Conferring an adhesion layer with mineralization-inducing capabilities for preparing organic–inorganic hybrid microcapsules†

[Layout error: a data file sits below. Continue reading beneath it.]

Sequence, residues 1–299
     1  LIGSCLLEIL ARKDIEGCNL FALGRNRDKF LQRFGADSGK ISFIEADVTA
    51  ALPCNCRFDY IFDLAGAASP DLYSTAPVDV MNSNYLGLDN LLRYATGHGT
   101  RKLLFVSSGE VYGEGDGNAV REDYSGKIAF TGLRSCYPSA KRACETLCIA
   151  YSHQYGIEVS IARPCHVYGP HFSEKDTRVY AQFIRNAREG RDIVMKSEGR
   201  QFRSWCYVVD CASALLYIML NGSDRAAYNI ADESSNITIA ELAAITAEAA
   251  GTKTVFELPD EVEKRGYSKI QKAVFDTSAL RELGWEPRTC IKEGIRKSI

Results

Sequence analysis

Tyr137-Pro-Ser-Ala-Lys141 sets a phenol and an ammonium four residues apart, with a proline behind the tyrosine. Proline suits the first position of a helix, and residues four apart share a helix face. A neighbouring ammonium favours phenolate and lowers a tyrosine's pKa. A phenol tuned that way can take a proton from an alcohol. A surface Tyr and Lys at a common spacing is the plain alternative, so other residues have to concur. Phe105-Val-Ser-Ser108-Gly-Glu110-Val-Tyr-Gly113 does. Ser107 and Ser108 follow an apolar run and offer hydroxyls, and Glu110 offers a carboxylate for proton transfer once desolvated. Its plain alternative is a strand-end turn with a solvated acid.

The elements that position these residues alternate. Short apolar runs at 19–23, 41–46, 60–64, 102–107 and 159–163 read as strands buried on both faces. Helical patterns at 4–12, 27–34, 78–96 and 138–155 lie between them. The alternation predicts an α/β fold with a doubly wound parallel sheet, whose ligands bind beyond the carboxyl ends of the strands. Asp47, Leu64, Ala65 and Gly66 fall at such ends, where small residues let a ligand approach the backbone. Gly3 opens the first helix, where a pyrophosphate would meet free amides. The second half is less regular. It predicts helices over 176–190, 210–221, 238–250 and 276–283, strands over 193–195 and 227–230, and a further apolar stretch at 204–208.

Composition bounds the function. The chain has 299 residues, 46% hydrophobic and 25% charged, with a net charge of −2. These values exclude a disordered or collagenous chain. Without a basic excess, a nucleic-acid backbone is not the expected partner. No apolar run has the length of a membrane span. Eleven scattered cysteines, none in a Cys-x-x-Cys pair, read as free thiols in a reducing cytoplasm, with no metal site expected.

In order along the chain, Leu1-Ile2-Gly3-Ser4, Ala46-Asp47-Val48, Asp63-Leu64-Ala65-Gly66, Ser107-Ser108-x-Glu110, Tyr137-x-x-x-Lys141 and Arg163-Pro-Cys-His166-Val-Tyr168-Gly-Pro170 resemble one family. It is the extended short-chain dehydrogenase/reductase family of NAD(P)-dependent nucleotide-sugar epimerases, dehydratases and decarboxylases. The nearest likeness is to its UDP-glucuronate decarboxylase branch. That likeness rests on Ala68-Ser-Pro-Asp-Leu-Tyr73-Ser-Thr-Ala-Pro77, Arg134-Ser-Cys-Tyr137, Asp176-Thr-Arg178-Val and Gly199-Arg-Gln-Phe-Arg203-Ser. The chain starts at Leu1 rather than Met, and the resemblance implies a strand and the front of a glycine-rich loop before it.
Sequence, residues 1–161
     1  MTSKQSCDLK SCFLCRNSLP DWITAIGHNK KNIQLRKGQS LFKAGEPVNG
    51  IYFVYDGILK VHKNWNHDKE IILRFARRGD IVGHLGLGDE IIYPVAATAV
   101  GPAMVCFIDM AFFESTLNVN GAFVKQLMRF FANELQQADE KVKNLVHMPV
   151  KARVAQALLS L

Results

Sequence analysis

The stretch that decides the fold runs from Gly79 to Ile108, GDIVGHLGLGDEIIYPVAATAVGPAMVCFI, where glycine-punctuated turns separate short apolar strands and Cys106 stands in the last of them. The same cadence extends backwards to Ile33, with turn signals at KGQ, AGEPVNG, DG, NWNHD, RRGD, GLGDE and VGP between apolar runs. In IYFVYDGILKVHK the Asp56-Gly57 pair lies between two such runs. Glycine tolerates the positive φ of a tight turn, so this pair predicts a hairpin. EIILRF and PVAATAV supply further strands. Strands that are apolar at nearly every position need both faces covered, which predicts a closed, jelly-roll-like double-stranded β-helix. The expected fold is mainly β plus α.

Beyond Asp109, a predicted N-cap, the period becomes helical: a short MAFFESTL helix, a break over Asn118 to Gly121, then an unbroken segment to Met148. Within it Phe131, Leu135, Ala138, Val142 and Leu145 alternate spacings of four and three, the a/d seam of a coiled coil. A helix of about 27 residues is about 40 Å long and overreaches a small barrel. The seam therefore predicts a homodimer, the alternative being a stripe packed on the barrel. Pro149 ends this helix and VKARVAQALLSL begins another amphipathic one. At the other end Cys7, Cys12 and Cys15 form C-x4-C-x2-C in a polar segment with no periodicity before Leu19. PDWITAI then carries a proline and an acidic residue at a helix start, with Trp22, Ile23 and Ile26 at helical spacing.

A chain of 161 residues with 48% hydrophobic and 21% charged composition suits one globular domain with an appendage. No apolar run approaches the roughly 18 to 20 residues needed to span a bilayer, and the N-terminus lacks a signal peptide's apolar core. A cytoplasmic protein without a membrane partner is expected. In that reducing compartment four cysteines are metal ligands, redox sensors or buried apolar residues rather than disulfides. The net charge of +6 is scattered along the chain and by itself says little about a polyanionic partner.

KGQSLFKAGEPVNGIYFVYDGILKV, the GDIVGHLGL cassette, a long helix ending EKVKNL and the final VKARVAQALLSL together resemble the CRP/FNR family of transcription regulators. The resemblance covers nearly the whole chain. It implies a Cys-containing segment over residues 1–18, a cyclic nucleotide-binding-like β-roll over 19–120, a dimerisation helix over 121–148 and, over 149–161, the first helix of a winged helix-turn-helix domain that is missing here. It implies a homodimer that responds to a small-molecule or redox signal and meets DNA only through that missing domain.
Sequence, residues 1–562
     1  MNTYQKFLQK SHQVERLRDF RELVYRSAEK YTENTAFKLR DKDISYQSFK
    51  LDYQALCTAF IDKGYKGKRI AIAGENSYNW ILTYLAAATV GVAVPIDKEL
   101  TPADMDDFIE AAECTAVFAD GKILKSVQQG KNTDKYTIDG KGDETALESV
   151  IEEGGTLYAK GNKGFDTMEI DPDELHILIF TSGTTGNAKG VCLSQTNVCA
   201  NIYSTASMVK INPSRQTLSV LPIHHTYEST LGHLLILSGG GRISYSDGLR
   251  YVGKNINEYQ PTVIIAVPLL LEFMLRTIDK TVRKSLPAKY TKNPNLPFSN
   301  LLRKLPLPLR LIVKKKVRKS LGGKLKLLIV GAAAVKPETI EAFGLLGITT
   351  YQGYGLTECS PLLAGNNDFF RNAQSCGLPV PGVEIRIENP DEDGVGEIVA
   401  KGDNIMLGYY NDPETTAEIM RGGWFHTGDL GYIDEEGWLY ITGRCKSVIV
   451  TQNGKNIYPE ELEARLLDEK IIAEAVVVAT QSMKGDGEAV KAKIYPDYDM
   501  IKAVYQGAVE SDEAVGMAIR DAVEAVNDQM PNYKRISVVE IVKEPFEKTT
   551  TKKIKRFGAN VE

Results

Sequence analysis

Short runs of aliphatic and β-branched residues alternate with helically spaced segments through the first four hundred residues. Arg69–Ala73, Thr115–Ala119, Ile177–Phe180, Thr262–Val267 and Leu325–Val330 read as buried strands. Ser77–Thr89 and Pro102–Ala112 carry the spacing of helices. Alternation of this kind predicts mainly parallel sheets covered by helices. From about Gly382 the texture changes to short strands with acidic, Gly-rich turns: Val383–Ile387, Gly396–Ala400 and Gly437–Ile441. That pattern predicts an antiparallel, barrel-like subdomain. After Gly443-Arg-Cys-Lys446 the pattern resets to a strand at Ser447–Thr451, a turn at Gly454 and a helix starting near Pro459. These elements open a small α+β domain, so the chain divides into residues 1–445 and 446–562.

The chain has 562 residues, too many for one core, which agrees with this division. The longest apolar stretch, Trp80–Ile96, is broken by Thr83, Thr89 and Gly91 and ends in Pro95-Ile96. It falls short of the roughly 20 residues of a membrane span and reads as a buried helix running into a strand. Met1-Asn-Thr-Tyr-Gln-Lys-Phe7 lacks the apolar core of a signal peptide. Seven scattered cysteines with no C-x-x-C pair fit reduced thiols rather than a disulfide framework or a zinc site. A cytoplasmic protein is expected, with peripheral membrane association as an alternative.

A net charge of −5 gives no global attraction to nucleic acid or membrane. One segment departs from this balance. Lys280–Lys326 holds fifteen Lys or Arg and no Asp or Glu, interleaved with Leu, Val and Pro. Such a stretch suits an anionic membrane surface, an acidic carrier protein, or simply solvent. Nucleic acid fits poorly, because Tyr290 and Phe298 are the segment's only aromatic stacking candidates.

In this study, a novel approach to prepare organic–inorganic hybrid microcapsules was developed by conferring an adhesion layer with mineralization-inducing capabilities under mild conditions. The wall of hybrid microcapsules consisted of two layers: an organic layer (adhesion layer) and an inorganic layer (biomineral layer). The organic layer was formed through rapid oxidative self-polymerization of dopamine into polydopamine (PDA) on a CaCO3 (PSS-doped) template surface. Then cysteamine was grafted onto the adhesion layer to induce the formation of titania, thus, constructing the biomineral layer. Notably, cysteamine acted as a bridge between the two layers to enhance the interfacial stability: (1) the –SH groups of cysteamine can react with the catechol groups of PDA to form covalent bonds through Michael addition or Schiff base reaction; (2) the –NH2 groups of cysteamine can induce the formation of titania. The hybrid microcapsules (PDA/cysteamine/Ti microcapsules) acquired much higher mechanical stability than pure PDA microcapsules. At 20% (w/v) PSS solution, 65% of PDA microcapsules were deformed, whereas, at 40% (w/v) PSS solution, only ∼6% of PDA/cysteamine/Ti microcapsules were deformed. Finally, catalase (CAT) was physically encapsulated in the microcapsule lumen. The immobilized CAT exhibited good recycling stability and high storage stability. Besides biocatalysis, the hybrid microcapsules may find applications in biomedical and biosensing fields.